Jack Wilshere is without a club and lumped with the ‘injury plagued’ tag but there is one thing he could change that could well benefit the rest of his career.
Jack Wilshere is searching for a new club after it was agreed his contract at West Ham should be terminated.
That’s a far cry from the summer of 2005 when the baton of an aging legend at Arsenal was picked up by a young pretender. Wilshere was expected, at the tender age of 21, to take on the mantle of one of Arsenal’s greatest ever midfielders (ugh) who left near the peak of his powers.
Admittedly he’d had a season to get used to the role. With Fabregas struggling to stay fit for many games the previous year, Wilshere had made 49 appearances in all competitions. Fabio Capello was a known admirer, giving Wilshere his England debut and hailing him as the future of their midfield.
Expectations were high, but it was still a tough ask.
It became even tougher when, in a pre-season friendly, our young lion suffered a stress fracture to his ankle which would keep him out of competitive action for the entire season.
Since that frustrating year, Jack’s development has been punctuated by injuries which, although they have allowed him to get a number of games, have limited the rhythm he has been able to build up. His stock has plummeted as the corresponding rise of players like Aaron Ramsey threw Wilshere’s plight into contrast despite injury problems of his own to contend with.
With one at Juventus and one without a club, there is no Ramsey vs Wilshere debate to be had any more.
At his best, Jack is able to go past opposition players with consummate ease thanks to his deft touches which feign poor control and tempt defenders to dive in, only to find the ball is not where they were expecting it to be.
However, the part of his game which he has yet to fully master is his decision making to extract the maximum from those runs; knowing when to pass, when to shoot, and when to take the next man on. This is, in no small part, because he has lacked the very thing which would refine it – game time.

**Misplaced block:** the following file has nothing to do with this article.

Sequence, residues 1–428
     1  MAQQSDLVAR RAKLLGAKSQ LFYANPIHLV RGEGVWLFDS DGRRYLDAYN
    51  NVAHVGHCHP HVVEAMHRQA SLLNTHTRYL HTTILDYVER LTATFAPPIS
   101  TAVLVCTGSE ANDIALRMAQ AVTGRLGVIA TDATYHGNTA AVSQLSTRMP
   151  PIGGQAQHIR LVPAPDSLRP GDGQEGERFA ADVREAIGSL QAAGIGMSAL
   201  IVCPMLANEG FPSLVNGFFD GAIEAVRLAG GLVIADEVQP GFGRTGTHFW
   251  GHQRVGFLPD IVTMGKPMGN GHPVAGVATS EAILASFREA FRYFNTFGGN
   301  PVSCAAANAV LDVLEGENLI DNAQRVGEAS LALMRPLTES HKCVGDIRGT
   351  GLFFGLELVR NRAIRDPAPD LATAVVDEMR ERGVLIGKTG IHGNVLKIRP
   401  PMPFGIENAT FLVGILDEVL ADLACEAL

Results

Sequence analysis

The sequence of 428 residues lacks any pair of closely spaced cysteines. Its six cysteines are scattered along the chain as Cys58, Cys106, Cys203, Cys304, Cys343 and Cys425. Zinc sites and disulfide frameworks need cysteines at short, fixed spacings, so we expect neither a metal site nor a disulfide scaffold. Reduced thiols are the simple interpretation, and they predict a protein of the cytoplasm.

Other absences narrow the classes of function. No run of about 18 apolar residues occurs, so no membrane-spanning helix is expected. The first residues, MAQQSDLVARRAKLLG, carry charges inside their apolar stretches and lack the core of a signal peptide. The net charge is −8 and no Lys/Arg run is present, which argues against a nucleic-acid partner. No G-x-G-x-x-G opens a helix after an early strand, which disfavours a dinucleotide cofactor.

Liam Brady once spoke about how Wilshere is “too brave for his own good”, and it all comes back to that same decision making process which Jack needs to work on.
He needed to learn when NOT to go in for tackles, when to hurdle, and when to release the ball rather than drawing the foul. Not only would that help stop defences getting the opportunity to get men behind the ball, but it would surely reduce the number of impact injuries he picks up. So far in his career, he has been so determined to win the ball that he rarely does a proper risk-reward assessment.
Certainly Wilshere has the determination to improve, work and become the best player he can be. That determination to take on the world and make the difference in big games is an endearing quality; a quality which makes us want to give him, forever, one more chance.
It is a quality, without which, it is impossible to make it to the very top of world football.
But there’s a difference between determination and downright stubbornness. Knowing when to share the burden can be the difference between a good player and a great player.
It’s time to decide which you want to be, Jack. There isn’t much of it left.
What next for Wilshere?
Speaking to talkSPORT, Jack Wilshere discussed his next move after his contract with West Ham was terminated by mutual consent.
The S*n revealed that Rangers were in advanced talks to sign the ex-Arsenal man, but it doesn’t seem like he will be moving anywhere near Scotland.
Wilshere told talkSPORT: ‘“I think I want to try something different – I am leaning towards that. Maybe La Liga, Italy, something a little bit different that not many English players have done. I am probably going to take a week or two to decide.’”